Archive for May, 2015


This Wednesday at 3:20pm CiNCiTY will screen this groundbreaking zombie original….

Director: George A. Romeronightofthelivingdead

Cast: Duane Jones

Judith O’Dea

Karl Hardman

Marilyn Eastman

Written By: George A. Romero

John A. Russo

Genre: Horror

Duration: 96 min

Colour: Black and White

Released: 1968

Country/Language: USA / English


  • Before NOTLD  “zombie” films were centered around “voodoo zombies”. This involved living victims being transformed into slaves by mystical forces. White Zombie (1932) and I Walked With A Zombie (1946) are two examples. NOTLD transformed the “zombie” into a resurrected corpse with cannibalistic intent and initiated many of the tropes of the genre we’re familiar with today – the rest is history.
  • In the USA in 1968 the copyright symbol had to be present on the actual print of a film (e.g. in the credits or title) in order to be covered by copyright law. NOTLD was originally called Night of the Flesh Eaters and this title appeared on the early prints of the film along with the copyright stamp. It was later changed by the distribution company because an earlier film had a similar name, but the copyright information was not put back onto the theatrical release prints leaving the film uncopyrighted and in the public domain. Though unfortunate for the filmmakers this has possibly contributed to the proliferation of the “zombie” genre and allowed others to freely use and build upon the original ideas from the film. Do you think copyright helps or hinders creativity?


  • Why do you think this film was such a success in the horror genre? Was it because a premise this frightful had never been brought to the screen before or was it skillful filmmaking?
  • The filmmakers insist that they were just trying to make a scary movie. Do you believe (like some critics) that the movie is actually trying to make a point about society? Think about when and where the film was made… consider events like the Cold War and the Civil Rights movement.

THE BOAT – Interactive Graphic Novel

The Boat by Nam Le is a critically acclaimed book of short stories which won many awards including the Prime Minister’s Literary Award in 2009. The last story in the collection is about a girl who’s parents send her to Australia by boat after the fall of Saigon in 1975 at the end of the Vietnam War.

SBS has commissioned an interactive graphic novel adaptation of the book by artist Matt Huynh who talks about the process of creating the artwork in the video below.


Director: Tom TykwerRun-Lola-Run-1999-movie-poster

Cast: Franka Potente

Moritz Bleibtreu

Herbert Knaup

Nina Petri

Written By: Tom Tykwer

Genre: Action / Crime / Thriller

Rating: M

Duration: 77 min

Released: 1998

Country/Language: Germany / German (English subtitles)


  • This film was critically very well received, with 41 award nominations when it was released including an Academy Award for Best Foreign Film. It didn’t win the Oscar but did win 26 other accolades including the Audience Award at the Sundance Film Festival, Best Film at the Seattle International Film Festival, and seven separate wins at the German Film Awards.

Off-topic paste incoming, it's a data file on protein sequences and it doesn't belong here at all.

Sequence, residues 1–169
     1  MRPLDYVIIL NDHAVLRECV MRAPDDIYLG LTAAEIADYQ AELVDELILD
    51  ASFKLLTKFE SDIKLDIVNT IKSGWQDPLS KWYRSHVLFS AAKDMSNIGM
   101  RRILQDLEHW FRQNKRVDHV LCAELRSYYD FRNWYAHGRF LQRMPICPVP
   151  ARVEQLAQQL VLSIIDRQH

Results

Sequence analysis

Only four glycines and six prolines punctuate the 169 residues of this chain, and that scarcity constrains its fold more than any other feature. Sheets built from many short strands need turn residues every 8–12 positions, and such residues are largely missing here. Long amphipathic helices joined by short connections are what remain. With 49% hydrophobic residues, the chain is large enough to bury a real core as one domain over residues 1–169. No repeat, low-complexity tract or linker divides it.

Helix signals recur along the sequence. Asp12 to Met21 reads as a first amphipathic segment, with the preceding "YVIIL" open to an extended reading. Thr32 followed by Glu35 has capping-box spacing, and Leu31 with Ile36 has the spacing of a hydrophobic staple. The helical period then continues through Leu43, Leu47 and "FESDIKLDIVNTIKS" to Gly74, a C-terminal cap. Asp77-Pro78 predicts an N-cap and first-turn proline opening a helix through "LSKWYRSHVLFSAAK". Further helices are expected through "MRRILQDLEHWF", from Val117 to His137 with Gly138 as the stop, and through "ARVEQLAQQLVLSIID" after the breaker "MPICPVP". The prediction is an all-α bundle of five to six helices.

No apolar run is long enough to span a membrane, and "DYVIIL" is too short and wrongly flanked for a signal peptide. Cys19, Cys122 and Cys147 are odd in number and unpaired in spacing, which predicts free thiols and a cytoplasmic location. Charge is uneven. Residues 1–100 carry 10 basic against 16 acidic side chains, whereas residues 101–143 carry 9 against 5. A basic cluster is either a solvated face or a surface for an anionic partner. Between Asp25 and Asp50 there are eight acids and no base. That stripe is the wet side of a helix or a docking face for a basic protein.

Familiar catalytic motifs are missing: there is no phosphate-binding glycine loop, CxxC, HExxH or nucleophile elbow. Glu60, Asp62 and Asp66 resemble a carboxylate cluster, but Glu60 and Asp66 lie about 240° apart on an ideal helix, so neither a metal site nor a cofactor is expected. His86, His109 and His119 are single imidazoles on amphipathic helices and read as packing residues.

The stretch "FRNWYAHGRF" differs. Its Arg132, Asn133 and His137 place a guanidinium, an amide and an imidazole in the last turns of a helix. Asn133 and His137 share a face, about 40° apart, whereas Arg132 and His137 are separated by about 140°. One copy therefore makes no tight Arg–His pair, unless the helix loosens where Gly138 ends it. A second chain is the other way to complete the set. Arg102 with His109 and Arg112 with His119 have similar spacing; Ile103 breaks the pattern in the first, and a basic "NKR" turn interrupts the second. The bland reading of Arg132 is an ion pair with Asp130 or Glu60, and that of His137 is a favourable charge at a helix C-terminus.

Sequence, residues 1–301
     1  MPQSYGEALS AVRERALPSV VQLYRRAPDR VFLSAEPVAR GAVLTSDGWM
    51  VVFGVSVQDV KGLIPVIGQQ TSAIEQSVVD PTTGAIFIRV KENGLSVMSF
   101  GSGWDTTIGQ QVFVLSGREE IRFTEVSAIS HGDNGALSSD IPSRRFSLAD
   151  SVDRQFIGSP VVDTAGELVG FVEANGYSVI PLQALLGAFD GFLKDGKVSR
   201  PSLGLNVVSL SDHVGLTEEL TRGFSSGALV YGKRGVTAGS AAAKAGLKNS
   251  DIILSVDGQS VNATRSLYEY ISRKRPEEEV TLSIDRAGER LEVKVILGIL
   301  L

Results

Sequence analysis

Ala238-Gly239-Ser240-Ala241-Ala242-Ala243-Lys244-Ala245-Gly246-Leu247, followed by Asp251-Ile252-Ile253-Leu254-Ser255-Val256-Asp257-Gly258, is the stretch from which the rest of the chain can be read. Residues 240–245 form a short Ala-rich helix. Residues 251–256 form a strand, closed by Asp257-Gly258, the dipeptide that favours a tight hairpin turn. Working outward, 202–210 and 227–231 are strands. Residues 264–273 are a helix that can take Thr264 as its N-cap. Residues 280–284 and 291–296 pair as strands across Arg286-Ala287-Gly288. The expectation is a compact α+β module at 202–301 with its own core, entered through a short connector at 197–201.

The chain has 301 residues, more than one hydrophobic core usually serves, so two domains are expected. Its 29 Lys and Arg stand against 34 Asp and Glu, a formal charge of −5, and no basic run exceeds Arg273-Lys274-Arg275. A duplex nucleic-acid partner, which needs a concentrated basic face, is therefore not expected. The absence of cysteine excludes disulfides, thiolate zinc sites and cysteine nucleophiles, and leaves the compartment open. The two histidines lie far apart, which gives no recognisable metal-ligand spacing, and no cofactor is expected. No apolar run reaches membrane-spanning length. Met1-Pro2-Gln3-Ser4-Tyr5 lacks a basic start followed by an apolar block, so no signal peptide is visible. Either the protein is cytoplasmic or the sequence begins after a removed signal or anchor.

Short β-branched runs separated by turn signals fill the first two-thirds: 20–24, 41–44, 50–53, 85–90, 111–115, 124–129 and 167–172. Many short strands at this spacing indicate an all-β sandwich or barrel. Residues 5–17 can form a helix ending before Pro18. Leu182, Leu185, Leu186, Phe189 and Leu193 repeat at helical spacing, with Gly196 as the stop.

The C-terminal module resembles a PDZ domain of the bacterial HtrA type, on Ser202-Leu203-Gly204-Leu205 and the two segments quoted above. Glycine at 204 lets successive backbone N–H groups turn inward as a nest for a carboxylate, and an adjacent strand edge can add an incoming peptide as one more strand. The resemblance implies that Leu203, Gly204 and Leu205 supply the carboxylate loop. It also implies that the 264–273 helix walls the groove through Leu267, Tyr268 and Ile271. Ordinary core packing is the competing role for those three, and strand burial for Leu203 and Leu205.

• Motifs are objects or images that appear throughout a film and have a special meaning to do with the narrative. One of the motifs apparent in ‘Run Lola Run’ is the colour red, which is used frequently. Lola herself has red hair, which signifies that she is a powerful, charismatic character, who stands out from everybody else. What other motifs can you identify and how do they help to bring meaning to the narrative?
  • Run Lola Run uses flashbacks, flash forwards and three alternative narratives to bring to mind themes of fate, chance and free will.  What do you think the film is trying to illustrate to us? Do you think we have a choice over the outcomes of our lives or is it up to fate to decide?


Director: Robert ZemeckisBack to the future

Cast: Michael J. Fox

Christopher Lloyd

Lea Thompson

Crispin Glover

Written By: Robert Zemeckis

Bob Gale

Genre: Sci Fi / Adventure / Comedy

Rating: PG

Duration: 111 min

Released: 1985

Country / Language: USA / English


In the early drafts of the screenplay the time machine was written as a refrigerator but was changed because Zemeckis was worried that impressionable kids would lock themselves in fridges.


This film contains some great examples of the literary device known as foreshadowing. Foreshadowing is when there are hints about what is coming up in the book or film. This is also known as Chekov’s gun after the famous playwright’s quote:

“Remove everything that has no relevance to the story. If you say in the first chapter that there is a rifle hanging on the wall, in the second or third chapter it absolutely must go off. If it’s not going to be fired, it shouldn’t be hanging there.”

For example – before Marty goes back to 1955 we learn that his uncle is in jail. Later in the film (but in the chronological past) he sees his uncle as a baby behind the bars of his cot and tells him he’d better get used to that. Many instances of foreshadowing in Back to the Future are for comedic effect but some are integral to the narrative.
How many can you identify?


Back_to_the_FutureThirty years ago, in 1985,  a little film called Back to the Future was released. It was the highest grossing film of that year and has since become a pop culture phenomenon. In it, Marty McFly goes back in time thirty years to when his parents met. We will celebrate the 30th anniversary of this ground breaking film by screening it for our first 2015 CiNECiTY session this Wed 3:20pm in the cinema. Sign up with Dan in the library if you want to go Back to the Future with us.